Joanna Hughes :
Dr. Till Wahnbaeck, CEO of Germany's hunger-fighting NGO Welthungerhilfe, recently penned a piece for The Guardian in which she reiterated the critical need for innovation. But what, exactly, is innovation? Her explanation is a surprisingly simple one, "Innovation is the answer to a simple question: Is there a better way?"
Apply this concept to the digital world and its meaning is exponentially amplified. Because we are just dipping a toe into the digital pool, there's no question that there is a better way. In other words, the answers are limitless. The bigger issue? Finding the people with the ken and capacity to drive these answers. Here's a closer look at why digital innovation matters, along with three strategies for positioning yourself to become a digital innovator in this brave new world.
Why Digital Innovation Matters
Contemporary business success largely hinges on an organization's ability to adapt to the rapidly evolving digital space. Take companies like Amazon and Netflix, for example. Their business models inherently rely on continuously expanding and enhancing their digital products and services to remain competitive. But this evolution doesn't happen on its own.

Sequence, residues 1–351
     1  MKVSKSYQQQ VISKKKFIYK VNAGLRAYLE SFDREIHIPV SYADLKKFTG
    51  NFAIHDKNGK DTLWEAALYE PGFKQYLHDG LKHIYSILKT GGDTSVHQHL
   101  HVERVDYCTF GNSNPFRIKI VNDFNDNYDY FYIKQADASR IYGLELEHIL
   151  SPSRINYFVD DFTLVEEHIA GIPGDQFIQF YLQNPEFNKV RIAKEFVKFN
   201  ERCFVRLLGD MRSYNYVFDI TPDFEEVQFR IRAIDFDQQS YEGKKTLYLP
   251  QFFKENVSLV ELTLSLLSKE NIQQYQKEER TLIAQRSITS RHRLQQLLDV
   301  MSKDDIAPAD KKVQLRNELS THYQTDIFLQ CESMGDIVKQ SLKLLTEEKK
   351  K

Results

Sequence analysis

Says global management consulting firm North Highland Worldwide Consulting's Alex Bombeck, "Everyone recognizes the importance of digital in today's business environment, but the landscape is littered by companies that have been left behind the digital curve. Leaders must figure out how to meet the high expectations of customers and deliver a unique human experience, or risk becoming obsolete."
In addition to the usual suspects of leadership like vision and managerial skills, the next generation of business leaders will also need to understand the fundamentals of digital innovation, including the economic and technological factors powering it; the intersection of former, current and future business models; differences between digital models and how they interact with each other; best practices for organizing and leading digital product and service innovation efforts; the role of crowdsourcing; and other topics.
Echoes North Highland Global CIO Ben Grinnell of what it takes to thrive in the new digital world, "To enable digital transformation, old legacy systems are not going to cut it. Silos must be broken down and an agile mindset needs to take hold. This means building cross-functional teams that can be nimble, move fast and quickly produce results."
Three Steps to Becoming a Digital Innovator
Now that we've covered how important digital innovation is, along with why having the right skill set is critical for people looking to innovate in the digital space, a final question remains: How do you prepare yourself to become one of them? These three steps are a great starting point:
1. Be international.
Digital innovation has no physical borders. And with companies like Turner increasingly prioritizing international digital innovation, it makes sense for those looking for an inside edge to cultivate a global perspective-preferably through first-hand experience.